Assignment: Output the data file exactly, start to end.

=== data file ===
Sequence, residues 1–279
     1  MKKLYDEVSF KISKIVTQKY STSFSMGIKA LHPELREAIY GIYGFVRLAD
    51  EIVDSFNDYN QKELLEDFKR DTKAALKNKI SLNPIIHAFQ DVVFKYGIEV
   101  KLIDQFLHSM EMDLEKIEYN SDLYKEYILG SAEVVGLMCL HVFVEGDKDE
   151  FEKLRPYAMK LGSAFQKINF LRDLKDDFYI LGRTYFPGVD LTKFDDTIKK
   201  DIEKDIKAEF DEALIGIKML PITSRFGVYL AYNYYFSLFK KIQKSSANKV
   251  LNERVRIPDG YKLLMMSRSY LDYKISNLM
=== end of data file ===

Sequence, residues 1–279
     1  MKKLYDEVSF KISKIVTQKY STSFSMGIKA LHPELREAIY GIYGFVRLAD
    51  EIVDSFNDYN QKELLEDFKR DTKAALKNKI SLNPIIHAFQ DVVFKYGIEV
   101  KLIDQFLHSM EMDLEKIEYN SDLYKEYILG SAEVVGLMCL HVFVEGDKDE
   151  FEKLRPYAMK LGSAFQKINF LRDLKDDFYI LGRTYFPGVD LTKFDDTIKK
   201  DIEKDIKAEF DEALIGIKML PITSRFGVYL AYNYYFSLFK KIQKSSANKV
   251  LNERVRIPDG YKLLMMSRSY LDYKISNLM